Site preparation:

Once the design was finalized, the builders chose a site in Constantinople to construct the Hagia Sophia. Massive amounts of building materials, including stone, brick, and marble, were gathered and transported to the site in preparation for construction.

Foundation:

The construction of the foundation marked the beginning of physical construction on the Hagia Sophia. Given the immense weight of the building and the need for stability, the architects ensured that a combination of stone and concrete was used for the mosque's base.

Walls and structural elements:

With the foundation in place, the workers began to construct the walls and structural elements of the Hagia Sophia. This involved the erection of massive piers, arches, and buttresses to support the weight of the central dome. Skilled craftsmen worked tirelessly to cut and shape the stone and marble blocks and assemble them according to the architects' specifications.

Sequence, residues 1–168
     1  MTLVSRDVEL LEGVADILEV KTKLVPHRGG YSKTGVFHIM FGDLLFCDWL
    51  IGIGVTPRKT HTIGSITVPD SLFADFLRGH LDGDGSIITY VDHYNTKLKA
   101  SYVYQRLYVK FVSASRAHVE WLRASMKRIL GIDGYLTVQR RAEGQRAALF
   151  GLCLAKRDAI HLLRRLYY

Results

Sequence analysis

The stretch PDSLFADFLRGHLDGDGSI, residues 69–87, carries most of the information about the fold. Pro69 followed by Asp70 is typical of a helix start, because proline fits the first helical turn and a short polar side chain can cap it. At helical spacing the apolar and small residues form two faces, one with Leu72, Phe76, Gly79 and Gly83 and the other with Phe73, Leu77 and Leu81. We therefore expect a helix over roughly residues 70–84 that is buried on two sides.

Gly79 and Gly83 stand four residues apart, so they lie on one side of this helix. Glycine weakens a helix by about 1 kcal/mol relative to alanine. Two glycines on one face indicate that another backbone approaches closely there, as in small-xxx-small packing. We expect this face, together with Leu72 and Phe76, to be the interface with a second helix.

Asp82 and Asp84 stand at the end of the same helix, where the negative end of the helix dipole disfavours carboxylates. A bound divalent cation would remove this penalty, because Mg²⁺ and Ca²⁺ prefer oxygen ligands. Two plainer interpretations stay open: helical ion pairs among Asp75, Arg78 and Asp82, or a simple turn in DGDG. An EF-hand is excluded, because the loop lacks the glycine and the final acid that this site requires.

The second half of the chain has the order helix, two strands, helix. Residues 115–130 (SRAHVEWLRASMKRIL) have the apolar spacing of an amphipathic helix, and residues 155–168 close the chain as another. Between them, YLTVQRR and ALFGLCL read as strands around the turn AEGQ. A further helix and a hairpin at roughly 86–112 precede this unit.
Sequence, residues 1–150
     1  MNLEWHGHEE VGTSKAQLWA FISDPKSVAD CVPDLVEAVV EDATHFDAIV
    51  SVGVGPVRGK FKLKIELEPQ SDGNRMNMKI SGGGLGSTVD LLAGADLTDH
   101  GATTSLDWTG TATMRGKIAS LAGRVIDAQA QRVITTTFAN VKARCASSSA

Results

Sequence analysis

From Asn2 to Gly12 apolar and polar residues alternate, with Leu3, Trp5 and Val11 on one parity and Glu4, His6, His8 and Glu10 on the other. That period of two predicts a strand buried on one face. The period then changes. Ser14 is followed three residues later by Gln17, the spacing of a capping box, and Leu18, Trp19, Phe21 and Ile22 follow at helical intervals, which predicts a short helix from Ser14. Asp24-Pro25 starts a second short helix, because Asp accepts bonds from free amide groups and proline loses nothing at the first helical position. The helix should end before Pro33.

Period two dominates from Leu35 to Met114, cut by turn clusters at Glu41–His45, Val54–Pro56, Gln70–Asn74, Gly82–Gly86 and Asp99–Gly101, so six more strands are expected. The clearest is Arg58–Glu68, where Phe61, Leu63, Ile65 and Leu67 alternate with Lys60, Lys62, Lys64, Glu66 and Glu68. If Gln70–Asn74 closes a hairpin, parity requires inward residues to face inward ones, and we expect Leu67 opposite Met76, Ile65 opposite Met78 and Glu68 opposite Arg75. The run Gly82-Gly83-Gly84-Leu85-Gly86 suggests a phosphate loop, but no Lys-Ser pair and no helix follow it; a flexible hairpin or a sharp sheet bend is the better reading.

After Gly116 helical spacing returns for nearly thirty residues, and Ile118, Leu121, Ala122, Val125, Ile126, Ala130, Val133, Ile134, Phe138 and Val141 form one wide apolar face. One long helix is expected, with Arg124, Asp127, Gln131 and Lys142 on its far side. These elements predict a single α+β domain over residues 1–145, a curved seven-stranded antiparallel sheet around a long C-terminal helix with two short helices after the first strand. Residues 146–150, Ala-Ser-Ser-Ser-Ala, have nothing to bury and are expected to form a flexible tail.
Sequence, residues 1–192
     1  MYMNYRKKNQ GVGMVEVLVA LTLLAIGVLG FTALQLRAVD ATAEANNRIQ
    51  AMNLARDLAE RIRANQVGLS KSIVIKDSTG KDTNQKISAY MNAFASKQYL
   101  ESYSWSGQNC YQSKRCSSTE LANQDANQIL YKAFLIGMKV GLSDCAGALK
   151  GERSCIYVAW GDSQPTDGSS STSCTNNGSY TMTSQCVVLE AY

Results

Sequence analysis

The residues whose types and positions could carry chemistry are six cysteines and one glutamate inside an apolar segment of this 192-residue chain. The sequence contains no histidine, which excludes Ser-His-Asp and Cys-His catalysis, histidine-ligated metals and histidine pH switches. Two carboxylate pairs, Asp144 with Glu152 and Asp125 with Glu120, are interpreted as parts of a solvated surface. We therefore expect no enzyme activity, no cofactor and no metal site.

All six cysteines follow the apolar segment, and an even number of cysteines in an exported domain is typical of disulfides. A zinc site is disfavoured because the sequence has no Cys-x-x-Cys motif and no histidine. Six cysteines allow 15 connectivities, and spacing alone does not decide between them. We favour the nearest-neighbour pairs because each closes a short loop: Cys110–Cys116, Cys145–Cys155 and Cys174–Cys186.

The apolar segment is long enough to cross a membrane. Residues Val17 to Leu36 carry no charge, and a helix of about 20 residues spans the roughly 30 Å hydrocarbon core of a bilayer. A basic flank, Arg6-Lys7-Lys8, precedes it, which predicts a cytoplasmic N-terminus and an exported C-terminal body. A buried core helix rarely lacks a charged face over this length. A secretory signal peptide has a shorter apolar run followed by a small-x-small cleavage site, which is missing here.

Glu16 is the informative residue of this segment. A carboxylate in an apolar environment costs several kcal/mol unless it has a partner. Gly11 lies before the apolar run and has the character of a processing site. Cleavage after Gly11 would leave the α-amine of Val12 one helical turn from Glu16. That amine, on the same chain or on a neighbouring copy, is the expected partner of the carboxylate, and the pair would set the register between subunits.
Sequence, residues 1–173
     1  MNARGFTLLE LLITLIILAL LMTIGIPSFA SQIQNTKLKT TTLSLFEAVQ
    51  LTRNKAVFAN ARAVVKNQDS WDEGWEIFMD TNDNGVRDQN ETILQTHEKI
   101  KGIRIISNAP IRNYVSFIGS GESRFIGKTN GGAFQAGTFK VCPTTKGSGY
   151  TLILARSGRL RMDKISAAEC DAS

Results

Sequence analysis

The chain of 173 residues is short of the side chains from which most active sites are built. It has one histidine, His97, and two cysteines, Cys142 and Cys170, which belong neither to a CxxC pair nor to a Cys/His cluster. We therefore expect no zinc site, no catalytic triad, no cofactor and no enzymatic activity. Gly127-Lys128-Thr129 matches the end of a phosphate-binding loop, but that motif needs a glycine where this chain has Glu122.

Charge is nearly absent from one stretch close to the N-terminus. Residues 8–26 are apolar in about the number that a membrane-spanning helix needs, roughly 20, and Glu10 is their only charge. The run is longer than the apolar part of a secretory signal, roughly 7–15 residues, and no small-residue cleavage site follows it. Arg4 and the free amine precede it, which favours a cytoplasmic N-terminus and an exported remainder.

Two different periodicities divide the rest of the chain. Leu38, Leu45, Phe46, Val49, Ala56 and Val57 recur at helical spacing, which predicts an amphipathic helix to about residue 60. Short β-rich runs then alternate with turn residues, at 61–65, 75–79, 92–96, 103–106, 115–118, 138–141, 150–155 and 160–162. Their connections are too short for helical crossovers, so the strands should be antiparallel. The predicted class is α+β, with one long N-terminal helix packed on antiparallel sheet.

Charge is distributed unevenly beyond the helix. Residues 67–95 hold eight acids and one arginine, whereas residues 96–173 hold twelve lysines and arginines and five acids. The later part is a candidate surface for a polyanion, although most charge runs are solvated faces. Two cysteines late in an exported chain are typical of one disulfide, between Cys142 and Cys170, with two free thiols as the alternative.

Dome:

The construction of the dome was perhaps the most challenging and impressive stage of the Hagia Sophia's construction. The architects devised a system of pendentives and squinches to support the dome and distribute its weight evenly.

Interior decoration:

Once the structural elements of the Hagia Sophia were in place, skilled artisans were employed to create intricate mosaics and adorn the walls and ceilings with decorative elements. The interior of the Hagia Sophia was embellished with gold leaf, marble columns, and colorful mosaics depicting religious scenes and figures.

Completion and consecration:

After 6 years of tireless efforts, the Hagia Sophia was completed in 537 AD. It was consecrated as a cathedral by Emperor Justinian I in a lavish ceremony attended by religious leaders from across the empire.